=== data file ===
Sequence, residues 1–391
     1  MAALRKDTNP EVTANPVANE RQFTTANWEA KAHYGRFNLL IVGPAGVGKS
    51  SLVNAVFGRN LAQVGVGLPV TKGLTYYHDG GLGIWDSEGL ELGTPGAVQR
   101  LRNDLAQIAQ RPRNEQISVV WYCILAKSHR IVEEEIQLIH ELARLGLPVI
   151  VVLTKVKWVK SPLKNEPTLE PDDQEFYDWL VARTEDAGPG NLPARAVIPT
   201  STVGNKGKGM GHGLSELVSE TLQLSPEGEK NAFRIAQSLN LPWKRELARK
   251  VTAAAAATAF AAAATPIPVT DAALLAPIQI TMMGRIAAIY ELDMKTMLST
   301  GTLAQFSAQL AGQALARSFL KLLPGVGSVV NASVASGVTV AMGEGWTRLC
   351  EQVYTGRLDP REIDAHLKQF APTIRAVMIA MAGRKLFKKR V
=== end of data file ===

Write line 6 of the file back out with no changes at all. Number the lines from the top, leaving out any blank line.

   201  STVGNKGKGM GHGLSELVSE TLQLSPEGEK NAFRIAQSLN LPWKRELARK